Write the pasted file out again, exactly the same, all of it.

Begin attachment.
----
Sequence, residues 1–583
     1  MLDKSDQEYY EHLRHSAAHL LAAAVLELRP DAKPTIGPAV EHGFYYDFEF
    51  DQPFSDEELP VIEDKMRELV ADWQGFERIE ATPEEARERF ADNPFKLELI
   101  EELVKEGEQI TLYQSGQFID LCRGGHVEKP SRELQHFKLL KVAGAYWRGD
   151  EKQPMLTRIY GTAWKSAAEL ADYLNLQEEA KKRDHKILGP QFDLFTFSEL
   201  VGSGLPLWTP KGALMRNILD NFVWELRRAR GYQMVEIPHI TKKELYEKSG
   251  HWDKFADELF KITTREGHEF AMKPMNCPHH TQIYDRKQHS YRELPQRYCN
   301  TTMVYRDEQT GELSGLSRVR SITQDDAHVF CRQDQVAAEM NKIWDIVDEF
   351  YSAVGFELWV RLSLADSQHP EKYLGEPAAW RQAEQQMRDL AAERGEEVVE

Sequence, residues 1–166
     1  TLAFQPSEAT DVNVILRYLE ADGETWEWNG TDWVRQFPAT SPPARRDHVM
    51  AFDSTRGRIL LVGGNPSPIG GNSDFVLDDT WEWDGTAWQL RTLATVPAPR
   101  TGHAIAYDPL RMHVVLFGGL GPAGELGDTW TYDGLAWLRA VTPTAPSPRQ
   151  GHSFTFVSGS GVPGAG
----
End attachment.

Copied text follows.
Sequence, residues 1–583
     1  MLDKSDQEYY EHLRHSAAHL LAAAVLELRP DAKPTIGPAV EHGFYYDFEF
    51  DQPFSDEELP VIEDKMRELV ADWQGFERIE ATPEEARERF ADNPFKLELI
   101  EELVKEGEQI TLYQSGQFID LCRGGHVEKP SRELQHFKLL KVAGAYWRGD
   151  EKQPMLTRIY GTAWKSAAEL ADYLNLQEEA KKRDHKILGP QFDLFTFSEL
   201  VGSGLPLWTP KGALMRNILD NFVWELRRAR GYQMVEIPHI TKKELYEKSG
   251  HWDKFADELF KITTREGHEF AMKPMNCPHH TQIYDRKQHS YRELPQRYCN
   301  TTMVYRDEQT GELSGLSRVR SITQDDAHVF CRQDQVAAEM NKIWDIVDEF
   351  YSAVGFELWV RLSLADSQHP EKYLGEPAAW RQAEQQMRDL AAERGEEVVE

Sequence, residues 1–166
     1  TLAFQPSEAT DVNVILRYLE ADGETWEWNG TDWVRQFPAT SPPARRDHVM
    51  AFDSTRGRIL LVGGNPSPIG GNSDFVLDDT WEWDGTAWQL RTLATVPAPR
   101  TGHAIAYDPL RMHVVLFGGL GPAGELGDTW TYDGLAWLRA VTPTAPSPRQ
   151  GHSFTFVSGS GVPGAG